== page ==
a profile of a woman with insomnia at dawn, tears flow from her eyes and birds fly above her

Is This Really Happening to Me? Insomnia 101

When I talked about my insomnia, everyone had an opinion.

“Wait until you have kids,” some people would say to me. “Then you’ll get used to it!” “Oh, you should try melatonin.” “Try going for a run.“ “I sleep with my TV on, it helps.” And someone even said to me, “Just drink until you pass out!”

What most people don’t understand is that it’s just not that simple. For me, melatonin was as useful as swallowing a Skittle. Exercise was impossible. TV and alcohol just made it worse. Each day when the sun began setting, I became stricken with terror. “It’s going to happen again tonight,” I would think to myself. Insomnia is kind of like being a prisoner of your own mind. Each early morning when the birds started chirping and my eyes were still wide open, I would cry.

Anxiety fueled my insomnia

Once I was actively in the throes of not sleeping, I was pretty inconsolable. For me, anxiety fueled my insomnia (and vice versa!), and more information actually worked against me: I found myself constantly Googling “how to cure insomnia.”

I would spend hours on Reddit, Youtube, WebMD, PubMed, reading all that I could about insomnia. I would also read about how bad it is for you: it causes heart problems, cognitive problems, inflammation. And of course, that just made my anxiety, and thus my insomnia, worse!

Insomnia survival tips

My journey with insomnia lasted about 2 years. I often look back on that time in my life and wonder how I survived it. In the middle of the night, very dark thoughts would often cross my mind. I have lots of advice and thoughts to share about my experience, but if you are actively in the midst of anxiety-fueled insomnia, here are my basic survival tips:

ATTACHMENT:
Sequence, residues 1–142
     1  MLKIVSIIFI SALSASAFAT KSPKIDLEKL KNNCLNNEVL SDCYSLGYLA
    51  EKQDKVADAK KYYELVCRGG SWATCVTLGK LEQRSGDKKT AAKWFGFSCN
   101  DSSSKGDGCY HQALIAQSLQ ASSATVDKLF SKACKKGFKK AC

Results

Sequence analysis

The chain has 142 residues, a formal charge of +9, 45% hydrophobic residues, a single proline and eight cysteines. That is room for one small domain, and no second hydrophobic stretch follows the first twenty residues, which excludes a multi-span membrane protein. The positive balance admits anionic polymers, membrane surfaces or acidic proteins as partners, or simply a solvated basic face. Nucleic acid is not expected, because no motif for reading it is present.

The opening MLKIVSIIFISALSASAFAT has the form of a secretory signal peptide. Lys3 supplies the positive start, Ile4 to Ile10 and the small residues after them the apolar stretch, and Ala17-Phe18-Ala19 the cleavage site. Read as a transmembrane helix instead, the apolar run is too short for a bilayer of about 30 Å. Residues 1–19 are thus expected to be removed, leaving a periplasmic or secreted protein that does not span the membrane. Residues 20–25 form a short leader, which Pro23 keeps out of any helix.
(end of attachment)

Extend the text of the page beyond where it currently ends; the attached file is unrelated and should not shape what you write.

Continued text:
1. Stop reading about it

Put your phone down and close your laptop. Absorbing all of the information you can about insomnia isn’t helping you, I promise. Try to take a deep breath and let it go. You aren’t causing permanent damage to your body. And the more you obsessively learn about it, the worse it will get.

2. Sleep hygiene tips might make it worse

There’s a lot of articles out there about “good sleep hygiene.” I followed them strictly, and they didn’t help at all. In fact, they made it worse, because I began obsessing about them! During active insomnia, just do whatever you can to soothe yourself. If that means staring at your phone, staying in your bed even though you can’t sleep (many sleep hygiene tips say to get out of your bed – I suggest just staying cozy), napping whenever you can catch some zzz’s, just do it!

3. Don’t make plans early in the day

I worked a 9 to 5, so on the weekdays, this wasn’t possible. But on the weekends, if someone asked to meet me before 1:00pm, I would say no. I had to prioritize myself, and I knew that early plans would loom over me the night before and bring anxiety.

4. Try to not obsess or overthink

I realize this is the HARDEST tip. But try to not look too far in the future. Don’t tell yourself stories like, “I will never sleep again!” You will. It might take time, and it might be uncomfortable. But you will get through this, and you will be ok.

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